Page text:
February 10, 2010
Pakistan confirmed today that the Taleban leader Hakimullah Mehsud has died of wounds sustained in a US drone strike last month.
The death of Pakistan's most feared militant commander with close links with al Qaeda is a serious blow to the Pakistani Taleban movement and has triggered an intense battle over who will succeed him.
Pakistani federal interior minister Rehman Malik said there was credible information that Mehsud was dead. It is the first official confirmation of his death following days of speculation over his fate.
"I have credible information that he's dead but I don't have any confirmation," Mr. Malik said. A senior Pakistani army official said there were some credence to the reports about Mehsud’s death. He said the absence of any ground intelligence from the area had made it difficult to gather information.
Mehsud, 30, was seriously wounded when missiles fired by a US drone struck his vehicle in the Shktai area on the border between South and North Waziristan on January 15. Reports suggested he was hit on legs and abdomen.
National television reported his death last week saying he was buried in Orakzai tribal region but the report was denied by a Taleban spokesman.
Rumours of his death resurfaced on Tuesday after a Taleban official told journalists that Mehsud died when being transported to southern port city of Karachi for medical treatment.
Mehsud was targeted after a video showed him with a Jordanian double agent bomber who killed seven CIA agents in eastern Afghanistan on December 30.
Mr. Malik said the security agencies were also investigating reports that Qari Hussain, a deputy of Mehsud, had also been killed. If confirmed, Hussain's death would be a further blow to the group. Hussain was in charge of training suicide bombers and was seen as major contender for the leadership. It is not clear when and where he was hit.
The death of the two top commanders, if confirmed, would leave a huge void in the Taleban leadership. Some reports say commanders are already lining up to vie for the role of Taleban chief.
Among the potential successors are Waliur Rehman, the deputy Taliban commander who oversaw operations in the South Waziristan region and Maulvi Noor Jamal, also known as Maulvi Toofan, a little-known commander. Both are believed to be in their mid 30’s.
Mr. Rehman hails from the Mehsud tribe of South Waziristan. The region and the tribe is the power base of the Pakistan Taleban, but the militants have lost much of their territory there in a recent offensive by Pakistan's military. Mr. Jamal hold sway in Orakzai tribal region where Pakistani troops have recently launched offensive.
Mr. Jamal is known as a confidant of Mehsud and shares the latter's reputation for brutality. According to a Pakistani newspaper report he himself announces punishments and also himself punishes people with his own hands,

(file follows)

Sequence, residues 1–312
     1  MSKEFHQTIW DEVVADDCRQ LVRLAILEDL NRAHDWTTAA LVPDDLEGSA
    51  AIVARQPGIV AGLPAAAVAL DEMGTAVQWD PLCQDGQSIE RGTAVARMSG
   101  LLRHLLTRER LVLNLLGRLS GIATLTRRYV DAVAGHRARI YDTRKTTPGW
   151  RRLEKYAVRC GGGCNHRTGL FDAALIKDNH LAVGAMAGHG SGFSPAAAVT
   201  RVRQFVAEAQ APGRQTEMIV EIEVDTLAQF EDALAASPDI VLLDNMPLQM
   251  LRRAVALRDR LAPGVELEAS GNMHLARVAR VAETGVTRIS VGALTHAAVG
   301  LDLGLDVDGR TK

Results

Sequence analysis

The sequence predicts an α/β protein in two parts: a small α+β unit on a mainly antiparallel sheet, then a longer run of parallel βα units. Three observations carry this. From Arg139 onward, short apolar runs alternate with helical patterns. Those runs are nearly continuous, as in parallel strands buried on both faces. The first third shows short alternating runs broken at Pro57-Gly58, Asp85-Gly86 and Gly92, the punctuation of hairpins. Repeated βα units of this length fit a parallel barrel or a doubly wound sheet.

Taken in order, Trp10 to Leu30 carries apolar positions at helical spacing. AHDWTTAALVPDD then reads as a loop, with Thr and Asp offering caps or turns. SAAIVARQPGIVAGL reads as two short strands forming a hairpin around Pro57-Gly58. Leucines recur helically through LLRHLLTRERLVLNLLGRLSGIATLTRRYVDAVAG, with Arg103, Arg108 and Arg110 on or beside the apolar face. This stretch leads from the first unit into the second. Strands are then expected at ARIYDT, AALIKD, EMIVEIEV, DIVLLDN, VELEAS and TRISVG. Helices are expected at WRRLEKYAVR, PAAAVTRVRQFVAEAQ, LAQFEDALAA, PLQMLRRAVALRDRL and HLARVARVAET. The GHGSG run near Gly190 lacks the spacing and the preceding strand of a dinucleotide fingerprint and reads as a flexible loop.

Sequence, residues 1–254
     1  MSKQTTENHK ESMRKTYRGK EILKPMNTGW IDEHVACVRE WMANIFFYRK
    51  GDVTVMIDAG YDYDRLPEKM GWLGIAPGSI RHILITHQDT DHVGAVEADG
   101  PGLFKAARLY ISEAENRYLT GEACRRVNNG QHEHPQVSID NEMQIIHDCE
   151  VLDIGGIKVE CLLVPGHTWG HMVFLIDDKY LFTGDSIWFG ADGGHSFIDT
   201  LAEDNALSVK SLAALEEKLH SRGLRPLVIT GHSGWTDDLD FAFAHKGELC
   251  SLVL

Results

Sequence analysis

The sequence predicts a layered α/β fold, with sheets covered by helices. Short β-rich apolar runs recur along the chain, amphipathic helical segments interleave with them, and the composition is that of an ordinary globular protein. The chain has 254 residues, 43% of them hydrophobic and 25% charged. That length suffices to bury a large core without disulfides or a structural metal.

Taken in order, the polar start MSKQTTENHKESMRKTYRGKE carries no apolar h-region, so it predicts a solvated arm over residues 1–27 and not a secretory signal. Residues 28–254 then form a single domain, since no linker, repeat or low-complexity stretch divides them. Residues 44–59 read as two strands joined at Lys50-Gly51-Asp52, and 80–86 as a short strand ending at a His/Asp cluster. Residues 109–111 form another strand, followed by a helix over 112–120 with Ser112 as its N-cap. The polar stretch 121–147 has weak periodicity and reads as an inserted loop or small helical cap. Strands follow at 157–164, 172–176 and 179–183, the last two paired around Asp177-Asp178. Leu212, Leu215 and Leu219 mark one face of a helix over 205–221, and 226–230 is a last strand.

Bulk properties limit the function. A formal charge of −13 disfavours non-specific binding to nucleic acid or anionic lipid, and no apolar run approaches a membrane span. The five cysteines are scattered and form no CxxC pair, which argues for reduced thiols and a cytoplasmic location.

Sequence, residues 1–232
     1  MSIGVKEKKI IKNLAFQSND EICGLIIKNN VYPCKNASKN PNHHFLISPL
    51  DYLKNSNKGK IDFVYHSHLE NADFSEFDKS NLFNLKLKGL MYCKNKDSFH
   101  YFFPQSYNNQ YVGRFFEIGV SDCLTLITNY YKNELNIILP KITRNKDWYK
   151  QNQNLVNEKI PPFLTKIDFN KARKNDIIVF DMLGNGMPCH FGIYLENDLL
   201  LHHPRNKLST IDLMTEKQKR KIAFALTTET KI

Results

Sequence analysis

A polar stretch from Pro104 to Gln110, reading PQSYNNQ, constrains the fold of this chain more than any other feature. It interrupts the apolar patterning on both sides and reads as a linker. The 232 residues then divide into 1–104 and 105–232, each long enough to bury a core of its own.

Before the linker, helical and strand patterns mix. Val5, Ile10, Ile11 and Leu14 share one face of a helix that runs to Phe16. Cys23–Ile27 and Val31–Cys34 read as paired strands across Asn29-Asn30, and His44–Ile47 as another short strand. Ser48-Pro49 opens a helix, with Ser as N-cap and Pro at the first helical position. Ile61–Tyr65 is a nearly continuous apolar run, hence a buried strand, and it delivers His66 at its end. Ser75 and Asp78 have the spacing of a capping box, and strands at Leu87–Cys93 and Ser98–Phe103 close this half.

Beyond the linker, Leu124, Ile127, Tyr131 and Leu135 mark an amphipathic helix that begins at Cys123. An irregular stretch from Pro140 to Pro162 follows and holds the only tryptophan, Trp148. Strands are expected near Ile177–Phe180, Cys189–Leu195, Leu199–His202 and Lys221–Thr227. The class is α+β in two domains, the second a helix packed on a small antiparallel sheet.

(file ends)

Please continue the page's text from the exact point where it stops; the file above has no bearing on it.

Mehsud's death could temporarily disrupt the Taleban campaign of bomb attacks and cities across Pakistan, but the network which has a presence in northwestern part of the country is likely to stay intact.
Mehsud is the second leader the Taleban has lost in less than six months. Another US missile strike last August killed Baitullah Mehsud, the founder of Pakistani Taleban movement which is an offshoot of the Afghan Taleban.
Pakistan forces have cleared most of South Waziristan lending a serious blow to the Taleban who had turned the region into their main stronghold drawing militants from across the country.
Pakistan’s latest military successes in the border region has boosted its confidence as it sought to play a more central role in resolving Afghan war. Pakistan has also offered to the United States to mediate with the Afghan Taleban factions who have been operating from Pakistani side of the border.
Pakistan army chief General Asfaq Kayani, has told American and NATO officials that his country was ready to play a mediatory role. "Pakistan wants to be actively involved in the peace process in Afghanistan," he said in a rare press briefing last week.
A senior Pakistani military official told the Times that the issue might come up in General Kayani’s meeting with General James Jones, the US National Security Advisor. The US official arrived in Islamabad, Wednesday, for talks with Pakistani civil and military leaders as the US forces launched a fresh offensive in southern Afghanistan’s province of Helmand.
General Kayani also spelled out Pakistan’s terms for regional stability. "Our strategic paradigm needs to be fully realized for stability of the region," he said.
Pakistan has ignored American pressure to start a military offensive in North Waziristan which is being used as base by Sirajuddin Haqqani, the top Taleban commander who is been leading the insurgency in eastern Afghanistan. Analysts said Pakistan could use its influence to persuade Afghan insurgents leaders to open negotiations with the US
Click to view image: 'Mehsud Firing MG'
In: Afghanistan, Middle East
Tags: taliban, taleban, leader, killed, dead, hakimullah, mehsud, pakistan, UAV, drone, strike, hellfire, predator, reaper
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